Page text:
Establishing the fundamental principle, however, is not sufficient to prove that the express assumption rule applies in this case. Nofziger is not claiming that simply because Wynmark Trust accepted an assignment from Wynmark Development it automatically assumed Wynmark Development's obligations. Instead, Nofziger argues that the circumstances under which the Wynmark Trust accepted the assignment imply such an assumption of liability. Specifically, Nofziger points to two circumstances of the assignment from which it would be possible for the Court to impute an assumption of obligations: (1) the fact that Wynmark Development assigned all of its "rights, title and interest" in the contract to the assignees, and (2) the fact that the original assignment agreement allegedly made obligations of the parties binding on their assignees, and the assignees were aware of this provision when they accepted the assignment. *fn3"

 At this stage of the litigation Wynmark Trust does not argue about whether these circumstances are sufficient to impute an assumption of liability. Instead, Wynmark Trust maintains that courts may not infer that assignees have impliedly assumed the obligations of their assignors. It argues that as a matter of law only an express assumption of obligations is sufficient to impute liability.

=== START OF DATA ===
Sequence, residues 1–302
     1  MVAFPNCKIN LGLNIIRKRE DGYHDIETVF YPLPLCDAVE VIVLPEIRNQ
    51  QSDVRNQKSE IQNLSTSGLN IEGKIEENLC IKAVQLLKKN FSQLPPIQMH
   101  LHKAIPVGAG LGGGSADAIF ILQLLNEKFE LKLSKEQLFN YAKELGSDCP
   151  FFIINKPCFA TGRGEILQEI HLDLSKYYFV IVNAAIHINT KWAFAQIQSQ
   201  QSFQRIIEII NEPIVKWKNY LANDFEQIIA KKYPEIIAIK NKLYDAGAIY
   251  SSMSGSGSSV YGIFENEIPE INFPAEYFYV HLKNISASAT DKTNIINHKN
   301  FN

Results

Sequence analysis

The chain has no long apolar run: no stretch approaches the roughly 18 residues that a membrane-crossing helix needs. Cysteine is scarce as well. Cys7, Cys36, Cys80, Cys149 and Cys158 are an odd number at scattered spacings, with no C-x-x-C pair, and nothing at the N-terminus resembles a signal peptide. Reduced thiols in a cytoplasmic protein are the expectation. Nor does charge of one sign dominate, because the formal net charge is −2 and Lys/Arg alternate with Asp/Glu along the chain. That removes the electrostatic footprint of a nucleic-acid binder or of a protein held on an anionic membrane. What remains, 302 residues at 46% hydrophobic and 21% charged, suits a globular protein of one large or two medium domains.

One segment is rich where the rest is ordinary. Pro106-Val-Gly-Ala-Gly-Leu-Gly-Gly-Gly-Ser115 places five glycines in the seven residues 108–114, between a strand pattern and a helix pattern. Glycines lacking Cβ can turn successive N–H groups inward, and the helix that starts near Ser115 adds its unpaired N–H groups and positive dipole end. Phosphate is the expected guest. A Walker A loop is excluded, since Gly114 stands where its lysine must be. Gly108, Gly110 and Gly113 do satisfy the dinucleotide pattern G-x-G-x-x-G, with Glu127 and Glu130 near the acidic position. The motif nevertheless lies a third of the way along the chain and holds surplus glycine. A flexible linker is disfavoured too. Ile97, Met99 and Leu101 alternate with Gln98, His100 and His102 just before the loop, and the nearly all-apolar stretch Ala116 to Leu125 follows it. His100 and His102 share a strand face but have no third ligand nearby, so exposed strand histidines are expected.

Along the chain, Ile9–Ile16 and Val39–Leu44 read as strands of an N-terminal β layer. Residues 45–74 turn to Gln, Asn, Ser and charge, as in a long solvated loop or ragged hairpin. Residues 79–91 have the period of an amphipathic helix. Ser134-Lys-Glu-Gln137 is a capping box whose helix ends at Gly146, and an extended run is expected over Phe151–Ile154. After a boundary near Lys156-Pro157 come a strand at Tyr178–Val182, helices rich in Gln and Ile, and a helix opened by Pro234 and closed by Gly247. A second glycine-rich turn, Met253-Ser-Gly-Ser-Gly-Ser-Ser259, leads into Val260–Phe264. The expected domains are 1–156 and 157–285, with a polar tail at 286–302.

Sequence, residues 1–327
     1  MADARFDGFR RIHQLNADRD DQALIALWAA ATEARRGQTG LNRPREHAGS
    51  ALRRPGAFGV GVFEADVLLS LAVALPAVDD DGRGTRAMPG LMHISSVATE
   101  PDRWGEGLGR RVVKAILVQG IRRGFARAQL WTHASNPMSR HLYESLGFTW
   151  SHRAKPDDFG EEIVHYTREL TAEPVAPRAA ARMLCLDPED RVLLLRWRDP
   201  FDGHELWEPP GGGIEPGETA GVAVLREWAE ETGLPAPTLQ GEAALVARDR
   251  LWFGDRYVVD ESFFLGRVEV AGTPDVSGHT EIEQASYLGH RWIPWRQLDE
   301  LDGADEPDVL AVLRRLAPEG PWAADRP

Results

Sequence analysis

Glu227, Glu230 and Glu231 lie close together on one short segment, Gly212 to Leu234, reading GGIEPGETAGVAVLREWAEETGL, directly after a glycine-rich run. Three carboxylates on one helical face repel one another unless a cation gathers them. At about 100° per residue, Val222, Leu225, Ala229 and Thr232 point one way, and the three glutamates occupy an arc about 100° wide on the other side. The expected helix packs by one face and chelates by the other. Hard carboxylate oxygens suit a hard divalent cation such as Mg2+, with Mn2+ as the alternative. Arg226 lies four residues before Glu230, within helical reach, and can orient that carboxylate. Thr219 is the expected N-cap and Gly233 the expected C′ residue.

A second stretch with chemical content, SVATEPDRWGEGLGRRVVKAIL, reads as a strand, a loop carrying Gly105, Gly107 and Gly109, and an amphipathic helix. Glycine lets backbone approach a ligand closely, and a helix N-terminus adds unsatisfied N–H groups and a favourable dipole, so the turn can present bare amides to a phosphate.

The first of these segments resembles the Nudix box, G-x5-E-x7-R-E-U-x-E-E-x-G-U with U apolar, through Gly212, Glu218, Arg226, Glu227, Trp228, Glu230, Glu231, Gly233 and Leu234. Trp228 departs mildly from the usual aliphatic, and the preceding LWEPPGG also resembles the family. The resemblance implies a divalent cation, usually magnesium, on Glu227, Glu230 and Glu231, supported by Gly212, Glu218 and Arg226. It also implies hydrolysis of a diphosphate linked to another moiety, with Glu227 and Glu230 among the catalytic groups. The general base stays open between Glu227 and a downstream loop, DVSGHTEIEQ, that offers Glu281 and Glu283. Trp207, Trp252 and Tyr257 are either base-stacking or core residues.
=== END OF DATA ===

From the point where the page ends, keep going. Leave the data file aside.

An examination of precedent reveals inadequate authority to support defendant's argument. To the extent that District of Columbia cases have approved and applied the express assumption rule, they have done so only under narrow circumstances not present in the case at bar. Moreover, although some jurisdictions seem to have accepted the express assumption rule as one of general applicability, the weight of that authority is insufficiently persuasive to show that Wynmark Trust's motion to dismiss should prevail. We will first address the District of Columbia cases upon which defendant Wynmark Trust relies, and then we will discuss other persuasive authorities on this issue. Because we deny defendant's motion to dismiss under an assignment theory, we do not reach plaintiff's arguments regarding an implied novation.

 A. District of Columbia precedents

 As support for the express assumption rule, Wynmark Trust cites Rittenberg v. Donohoe Construction Co., 426 A.2d 338, 341 (D.C. 1981), Schneider v. Dumbarton Developers, Inc., 247 U.S. App. D.C. 217, 767 F.2d 1007 (D.C. Cir. 1985), and Dodek v. CF 16 Corp., 537 A.2d 1086 (D.C. 1988). *fn4" A careful reading of those cases reveals that they do not negate the legal effect of an assignee's implied assumption of the assignor's obligations under the contract. At most, they carve out a narrow exception for cases in which a plaintiff attempts to hold an assignee liable for breaches of the contract that the assignor committed ...